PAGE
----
How the Internet Is Revolutionizing Education

Sharon Rieger's picture
Friday, June 17, 2011

Unless there's an outright ban, it's almost impossible to find a classroom anywhere in the United States without at least one computer. And in many college lecture halls, nearly every student will come ready with a laptop or tablet. At the very least, they often have a smartphone that's Internet-ready. These tools, only recently available to a mass audience (relatively speaking), are fundamentally altering education. They allow students to access vast stores of information with the press of a button.

The Internet has also allowed millions to receive an education without ever leaving their homes. Through sometimes-controversial online education programs, students can obtain entire degrees or just stay up-to-date in their chosen professional field. 

"Whether enrolled at your local university or simply looking to deepen your knowledge of a subject, the options for education have never been more diverse," according to an infographic assembled by OnlineEducation.net. "Education is more accessible than ever before in human history, thanks entirely to the Internet."

Infographics are always a bit of a hodgepodge of statistics culled from a variety of sources. Here, we sort through the clutter and pull out some of our favorite facts and figures:

  • Milestones in e-Learning: In 1971, the Open University in England began broadcasting lectures on television and 25,000 students enrolled. In 1993, six years before the term e-Learning was coined at an educational seminar, William Graziadei III outlined a set of criteria to identify e-Learning systems. They must be easy to use, portable, replicable, scalable and affordable, he wrote.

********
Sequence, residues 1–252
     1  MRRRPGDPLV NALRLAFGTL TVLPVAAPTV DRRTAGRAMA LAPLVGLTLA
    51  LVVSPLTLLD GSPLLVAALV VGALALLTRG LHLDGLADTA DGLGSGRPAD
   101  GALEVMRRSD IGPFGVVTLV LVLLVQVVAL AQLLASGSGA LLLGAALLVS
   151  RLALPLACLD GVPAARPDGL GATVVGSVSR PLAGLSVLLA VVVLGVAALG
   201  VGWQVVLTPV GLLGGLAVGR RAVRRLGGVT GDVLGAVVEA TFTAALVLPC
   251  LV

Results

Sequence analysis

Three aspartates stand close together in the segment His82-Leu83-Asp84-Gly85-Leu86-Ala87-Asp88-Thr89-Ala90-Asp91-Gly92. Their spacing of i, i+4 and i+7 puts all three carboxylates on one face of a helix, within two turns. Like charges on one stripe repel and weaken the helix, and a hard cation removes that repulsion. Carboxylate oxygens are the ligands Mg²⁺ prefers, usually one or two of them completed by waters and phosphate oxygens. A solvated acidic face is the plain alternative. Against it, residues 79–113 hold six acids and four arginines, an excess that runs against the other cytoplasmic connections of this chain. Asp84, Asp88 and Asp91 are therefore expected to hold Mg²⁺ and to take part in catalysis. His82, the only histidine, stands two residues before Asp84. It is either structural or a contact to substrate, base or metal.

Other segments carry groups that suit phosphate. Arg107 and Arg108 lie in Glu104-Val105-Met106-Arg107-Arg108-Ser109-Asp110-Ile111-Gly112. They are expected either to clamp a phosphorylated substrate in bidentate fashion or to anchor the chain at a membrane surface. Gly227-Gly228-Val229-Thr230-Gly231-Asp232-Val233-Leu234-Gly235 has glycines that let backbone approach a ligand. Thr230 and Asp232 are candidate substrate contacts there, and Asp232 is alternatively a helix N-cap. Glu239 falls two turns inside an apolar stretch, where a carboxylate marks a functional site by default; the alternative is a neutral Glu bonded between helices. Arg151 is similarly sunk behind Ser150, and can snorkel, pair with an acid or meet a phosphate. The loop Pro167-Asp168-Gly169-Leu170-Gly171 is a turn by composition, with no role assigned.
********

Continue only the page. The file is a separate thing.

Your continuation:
• Online education is a $34 billion industry.
  • At 250,000 students, the Open University, which teaches a majority of its courses online, is the largest university in the United Kingdom. It's twice the size of the University of London.
  • The for-profit University of Phoenix is now the largest university in the United States, enrolling more than 500,000 students. That's about 13 times larger than the University of Arizona.
  • There are currently more than three million online-only students in the United States. That's more than the total number of college students in France.
  • Use of online education has been growing at an astronomical rate, and it isn't stopping. Seventy-five percent of public higher learning institutions have online learning in their long-term plans. By 2019, it is estimated that 50 percent of all classes taught will be delivered online, and many of these will be available for free.
  • Almost half of college students take at least one class online.
  • Nearly half of online students are 26 or older.

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